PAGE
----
Google and Amazon cloud music nears judgment day
Clock ticks on MP3tunes.com case
A David versus Goliath legal case that could affect new cloud music services from Google and Amazon is on the verge of a decision.
In August, a judge is expected to rule on EMI's four-year-old case against tiny music locker MPE3tunes.com and its founder for alleged copyright violation.
MP3tunes.com founder Michael Robertson has predicted not only that EMI will lose, but that when it does, other labels will have no choice but to become more reasonable in licensing music to clouds from Amazon, Google, and others.
An MP3tunes victory would also clarify who owns the music on a consumer's computer – the consumer or the labels – and whether consumers are allowed to upload and play their tunes on other PCs or devices without paying extra fees.
"The court's issue is: can you store personal media online, can you play it back, can you transcode it?" Robertson told The Register. "Those are core issues in our case, and they will be decided and I think we will win.
"They [EMI] started the clock four years ago with us and they can't play that for another five years - that's going to come to a head this summer, and when that comes to a head they are going to have lost and the law is clear."
The thesis behind EMI's entire argument is simple: you do not own the music you paid money for, you are simply renting it from EMI
MP3tunes.com is a music locker, a service that lets you upload and store your music to the web and tthen play your tunes on a PC or some other device. It has one million users.
The company is five years old and music lockers have been around for 11, but Google and Amazon - giants in their corners of the internet - are now getting into the game. Within the last two months, the two companies launched the Google Music beta and the Amazon Cloud Drive.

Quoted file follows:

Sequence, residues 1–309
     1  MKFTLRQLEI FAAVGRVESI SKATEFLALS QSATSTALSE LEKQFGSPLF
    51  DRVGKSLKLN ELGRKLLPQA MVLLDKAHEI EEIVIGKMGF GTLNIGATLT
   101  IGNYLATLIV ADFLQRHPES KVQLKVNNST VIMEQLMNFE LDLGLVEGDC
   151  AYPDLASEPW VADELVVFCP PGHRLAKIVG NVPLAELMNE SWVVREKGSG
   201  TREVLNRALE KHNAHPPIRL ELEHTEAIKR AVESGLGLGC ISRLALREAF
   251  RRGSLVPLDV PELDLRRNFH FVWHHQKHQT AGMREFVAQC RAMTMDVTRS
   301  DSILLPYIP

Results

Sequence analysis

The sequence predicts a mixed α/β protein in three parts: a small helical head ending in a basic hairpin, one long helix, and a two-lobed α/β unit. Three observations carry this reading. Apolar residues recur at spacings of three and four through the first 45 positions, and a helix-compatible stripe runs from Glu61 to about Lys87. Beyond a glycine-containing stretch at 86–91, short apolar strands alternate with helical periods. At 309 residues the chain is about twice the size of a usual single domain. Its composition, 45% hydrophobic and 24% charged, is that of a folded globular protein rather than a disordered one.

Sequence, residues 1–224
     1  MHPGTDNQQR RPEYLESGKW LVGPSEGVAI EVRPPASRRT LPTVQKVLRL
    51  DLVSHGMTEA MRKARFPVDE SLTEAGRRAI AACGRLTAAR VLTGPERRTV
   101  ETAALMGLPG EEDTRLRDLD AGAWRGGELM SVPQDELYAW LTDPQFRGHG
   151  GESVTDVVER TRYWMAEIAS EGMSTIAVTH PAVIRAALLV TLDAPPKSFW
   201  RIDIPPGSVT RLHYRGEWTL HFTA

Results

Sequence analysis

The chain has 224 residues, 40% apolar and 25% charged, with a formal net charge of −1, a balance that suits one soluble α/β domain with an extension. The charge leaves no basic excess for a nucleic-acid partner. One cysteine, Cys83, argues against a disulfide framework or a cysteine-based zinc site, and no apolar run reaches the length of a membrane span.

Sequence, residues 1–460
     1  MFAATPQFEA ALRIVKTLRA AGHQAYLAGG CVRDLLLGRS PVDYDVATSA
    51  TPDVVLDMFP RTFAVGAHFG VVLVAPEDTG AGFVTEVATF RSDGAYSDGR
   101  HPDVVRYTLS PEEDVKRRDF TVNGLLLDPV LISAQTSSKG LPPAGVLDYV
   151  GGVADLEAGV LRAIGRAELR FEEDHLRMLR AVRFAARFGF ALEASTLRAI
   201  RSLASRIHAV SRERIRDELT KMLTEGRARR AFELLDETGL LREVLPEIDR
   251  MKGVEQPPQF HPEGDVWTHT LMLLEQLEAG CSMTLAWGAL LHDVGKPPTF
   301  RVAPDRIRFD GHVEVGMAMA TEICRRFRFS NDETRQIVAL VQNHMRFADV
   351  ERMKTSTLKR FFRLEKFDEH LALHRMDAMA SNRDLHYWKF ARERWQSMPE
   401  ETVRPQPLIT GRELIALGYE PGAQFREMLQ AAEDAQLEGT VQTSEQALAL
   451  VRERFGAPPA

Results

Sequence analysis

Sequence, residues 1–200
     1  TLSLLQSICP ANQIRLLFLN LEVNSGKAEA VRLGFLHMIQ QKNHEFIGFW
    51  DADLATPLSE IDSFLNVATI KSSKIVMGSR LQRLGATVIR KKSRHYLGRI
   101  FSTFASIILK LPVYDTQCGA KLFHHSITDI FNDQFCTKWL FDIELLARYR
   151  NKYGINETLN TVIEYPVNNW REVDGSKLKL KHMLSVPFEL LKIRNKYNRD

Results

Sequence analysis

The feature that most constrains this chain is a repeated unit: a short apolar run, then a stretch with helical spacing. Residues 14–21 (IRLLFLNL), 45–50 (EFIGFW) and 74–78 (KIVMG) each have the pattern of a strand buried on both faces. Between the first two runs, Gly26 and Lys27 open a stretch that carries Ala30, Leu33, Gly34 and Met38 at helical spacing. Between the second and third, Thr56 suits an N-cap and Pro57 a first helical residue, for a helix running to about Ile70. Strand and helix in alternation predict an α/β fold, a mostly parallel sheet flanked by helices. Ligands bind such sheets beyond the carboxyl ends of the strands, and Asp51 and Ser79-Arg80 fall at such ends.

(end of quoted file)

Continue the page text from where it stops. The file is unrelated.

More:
Apple, already huge in online music thanks to iTunes, is also expected to launch a locker at its Worldwide Developers Conference (WDC) next month in San Francisco, California.
But there's a big difference. Apple has reportedly paid three of the four big labels to license their music, while Google and Amazon - like MP3tunes.com - have not signed licenses. Amazon reportedly surprised the labels with its launch, but Google was apparently in talks to pay the labels $100m befor they backed out because of concern that Google search and YouTube often point to pirated music.
The labels are not happy, and they made it clear they could deploy lawyers. A Sony spokesperson told Reuters upon Amazon's launch. "We hope that they'll reach a new license deal, but we're keeping all of our legal options open," Sony said.
The labels aren't shy about deploying lawyers. EMI's case hit both MP3tunes and its sister site Sideload.com, both of which were founded by digital music veteran and tech entrepreneur Roberston. EMI claims (warning: PDF) that MP3tunes.com has infringed its rights to the performance, reproduction, and redistribution of its works. For EMI, if you upload music that you ownjfrom your PC to a third-party service, you are illegally copying the material. Streaming or copying to a different PC are also seen as acts of illegal distribution.
EMI believes that you must either buy a copy of Lady Antibellum's Need You Now for every PC, iPod, or smartphone you want to play it on, or that you must pay EMI every time you play Need You Now on a new device. For EMI, you do not own the music you paid money for. You are simply renting it from EMI.
EMI's case also targets Robertson's Sideload.com, a music search engine that lets you stream music and store copies in your music locker. Using Sideload.com, you are doing nothing different to what you could do using Google search, in terms of looking for music available online and then saving or streaming it using the player on your PC, iPod, or smartphone.
Labels like Sony want music lockers and music services to take out a license that nails down download and play rights for the service provider or consumer.
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